Soaring food costs have put at risk the Barrie Salvation Army community meal program

The program provides meals twice a day to between 500 and 600 people

Hundreds of people that rely on the Barrie Salvation Army’s community meal program may have to look elsewhere for food.

Major Bruce Shirran, executive director of the Bayside Mission Centre, says soaring food costs have put the program in jeopardy.

The program started as a result of the pandemic. The Salvation Army provided the Busby Centre with about 200 meals a day as part of the motel model for the homeless, which ended in July. But the program has continued, at the Bayside Mission, with takeout meals twice a day.

Shirran says they are serving between 500 and 600 meals a day.

“We are kind of averaging them at around six dollars a meal, so we’re putting out 600 meals a day, and you can do the math, that’s $3,600 a day.”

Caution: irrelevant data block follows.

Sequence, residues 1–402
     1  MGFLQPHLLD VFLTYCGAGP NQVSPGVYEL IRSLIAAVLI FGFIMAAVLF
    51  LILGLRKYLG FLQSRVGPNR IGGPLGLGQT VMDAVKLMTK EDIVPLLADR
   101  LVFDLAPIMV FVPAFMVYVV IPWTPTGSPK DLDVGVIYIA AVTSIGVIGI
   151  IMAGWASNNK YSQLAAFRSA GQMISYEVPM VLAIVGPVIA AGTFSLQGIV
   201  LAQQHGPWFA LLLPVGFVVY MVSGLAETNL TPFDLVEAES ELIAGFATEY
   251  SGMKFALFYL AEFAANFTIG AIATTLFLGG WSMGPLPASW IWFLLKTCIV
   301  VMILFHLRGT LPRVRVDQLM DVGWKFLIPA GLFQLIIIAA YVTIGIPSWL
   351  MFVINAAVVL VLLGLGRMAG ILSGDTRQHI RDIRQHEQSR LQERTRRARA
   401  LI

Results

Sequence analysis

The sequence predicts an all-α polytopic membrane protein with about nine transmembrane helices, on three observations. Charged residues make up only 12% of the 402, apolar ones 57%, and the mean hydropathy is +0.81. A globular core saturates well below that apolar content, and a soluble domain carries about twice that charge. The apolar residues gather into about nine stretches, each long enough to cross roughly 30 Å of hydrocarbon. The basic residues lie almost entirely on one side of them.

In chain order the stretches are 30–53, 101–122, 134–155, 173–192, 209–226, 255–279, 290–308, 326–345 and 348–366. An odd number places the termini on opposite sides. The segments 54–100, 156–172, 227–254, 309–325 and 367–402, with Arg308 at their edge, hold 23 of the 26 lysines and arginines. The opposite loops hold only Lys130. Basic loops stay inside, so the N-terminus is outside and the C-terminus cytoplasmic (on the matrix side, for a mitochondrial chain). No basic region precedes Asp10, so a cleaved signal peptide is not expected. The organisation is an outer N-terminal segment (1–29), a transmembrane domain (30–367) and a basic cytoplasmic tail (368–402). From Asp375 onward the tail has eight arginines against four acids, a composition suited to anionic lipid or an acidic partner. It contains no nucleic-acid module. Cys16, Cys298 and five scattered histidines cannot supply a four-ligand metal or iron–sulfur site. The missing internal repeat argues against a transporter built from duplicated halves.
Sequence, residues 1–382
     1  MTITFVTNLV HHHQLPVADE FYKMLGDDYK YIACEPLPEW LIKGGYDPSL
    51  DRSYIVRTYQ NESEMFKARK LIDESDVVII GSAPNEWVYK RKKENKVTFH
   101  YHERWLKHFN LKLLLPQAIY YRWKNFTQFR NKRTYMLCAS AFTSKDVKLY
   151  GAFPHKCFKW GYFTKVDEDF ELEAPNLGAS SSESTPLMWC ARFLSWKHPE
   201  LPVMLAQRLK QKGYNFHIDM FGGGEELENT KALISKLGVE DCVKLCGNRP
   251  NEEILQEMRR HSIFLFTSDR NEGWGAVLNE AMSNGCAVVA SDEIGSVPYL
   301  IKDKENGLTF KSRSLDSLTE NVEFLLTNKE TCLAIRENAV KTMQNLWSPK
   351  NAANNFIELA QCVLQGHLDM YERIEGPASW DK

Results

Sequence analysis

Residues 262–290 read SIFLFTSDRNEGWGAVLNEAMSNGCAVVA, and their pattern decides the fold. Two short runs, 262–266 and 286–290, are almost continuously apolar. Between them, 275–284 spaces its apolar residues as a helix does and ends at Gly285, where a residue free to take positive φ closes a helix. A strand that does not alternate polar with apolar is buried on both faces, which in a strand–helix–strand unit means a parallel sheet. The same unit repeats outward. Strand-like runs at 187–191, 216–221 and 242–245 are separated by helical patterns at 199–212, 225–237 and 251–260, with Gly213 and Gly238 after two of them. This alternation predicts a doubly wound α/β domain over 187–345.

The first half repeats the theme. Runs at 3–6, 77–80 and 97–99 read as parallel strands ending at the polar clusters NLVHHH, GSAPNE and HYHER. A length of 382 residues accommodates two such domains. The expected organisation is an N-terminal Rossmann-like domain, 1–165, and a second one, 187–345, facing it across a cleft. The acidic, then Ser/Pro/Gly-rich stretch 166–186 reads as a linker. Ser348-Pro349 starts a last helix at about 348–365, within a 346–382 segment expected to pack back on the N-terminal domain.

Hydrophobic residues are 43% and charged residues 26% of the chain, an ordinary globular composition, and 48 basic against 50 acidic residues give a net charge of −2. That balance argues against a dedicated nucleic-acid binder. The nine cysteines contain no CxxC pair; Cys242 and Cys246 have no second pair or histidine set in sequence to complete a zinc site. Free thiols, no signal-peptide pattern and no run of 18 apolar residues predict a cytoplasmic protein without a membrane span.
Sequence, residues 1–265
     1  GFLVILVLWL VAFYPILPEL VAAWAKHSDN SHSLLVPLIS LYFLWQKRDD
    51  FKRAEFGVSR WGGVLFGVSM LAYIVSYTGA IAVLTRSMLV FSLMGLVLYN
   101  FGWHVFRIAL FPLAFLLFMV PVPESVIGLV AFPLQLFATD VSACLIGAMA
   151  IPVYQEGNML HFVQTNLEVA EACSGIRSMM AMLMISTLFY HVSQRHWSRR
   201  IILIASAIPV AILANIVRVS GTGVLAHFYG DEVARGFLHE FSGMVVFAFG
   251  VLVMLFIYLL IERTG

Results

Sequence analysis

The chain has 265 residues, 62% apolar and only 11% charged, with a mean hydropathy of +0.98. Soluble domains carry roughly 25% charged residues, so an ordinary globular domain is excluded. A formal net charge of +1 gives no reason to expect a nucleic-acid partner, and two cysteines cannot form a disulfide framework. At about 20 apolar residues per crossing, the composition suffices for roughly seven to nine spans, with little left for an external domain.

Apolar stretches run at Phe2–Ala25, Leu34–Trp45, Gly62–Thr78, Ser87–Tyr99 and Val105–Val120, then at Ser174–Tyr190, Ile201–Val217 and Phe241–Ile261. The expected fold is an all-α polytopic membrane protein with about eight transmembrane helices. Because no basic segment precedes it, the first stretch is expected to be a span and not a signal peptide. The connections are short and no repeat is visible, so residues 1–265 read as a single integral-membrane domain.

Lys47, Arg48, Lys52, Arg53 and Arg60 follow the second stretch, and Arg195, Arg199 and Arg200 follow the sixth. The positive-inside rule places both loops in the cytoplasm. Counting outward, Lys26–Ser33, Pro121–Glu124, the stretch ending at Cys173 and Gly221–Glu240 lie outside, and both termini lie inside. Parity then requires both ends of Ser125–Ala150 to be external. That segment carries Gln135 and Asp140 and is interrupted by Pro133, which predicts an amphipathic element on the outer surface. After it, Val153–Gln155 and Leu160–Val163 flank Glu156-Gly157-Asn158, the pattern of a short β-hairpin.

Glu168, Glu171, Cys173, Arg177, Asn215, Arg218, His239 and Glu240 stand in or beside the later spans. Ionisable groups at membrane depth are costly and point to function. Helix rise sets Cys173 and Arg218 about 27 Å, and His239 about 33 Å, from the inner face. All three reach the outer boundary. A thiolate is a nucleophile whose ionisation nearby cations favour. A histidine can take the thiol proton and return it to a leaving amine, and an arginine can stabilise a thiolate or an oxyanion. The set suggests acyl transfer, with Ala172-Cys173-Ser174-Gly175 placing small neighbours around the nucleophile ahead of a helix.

Shirran says that doesn’t include the in-house meals for people who reside at the shelter.

“We have far exceeded our food services budget, and that leaves us in a dilemma if we can continue the service,” says Shirran. “We know the needs in the community and if we are not here to provide that need, where is it going to come from?”

He is quick to point out that it is not just the homeless that benefit from the program.

“We have low-income working-class people who have to decide between paying their rent and buying food.”

The Bayside Mission receives funding from the County of Simcoe, stakeholders and the community, but with inflation, Shirran says that based on the number of people coming for a meal, the reality is they are still not receiving adequate dollars to continue the program.

Shirran says there are options on the table being considered which include reducing the program to one meal a day and seeing where that ends up.

“Or will we eventually have to discontinue the meals if we don’t have the funding?”

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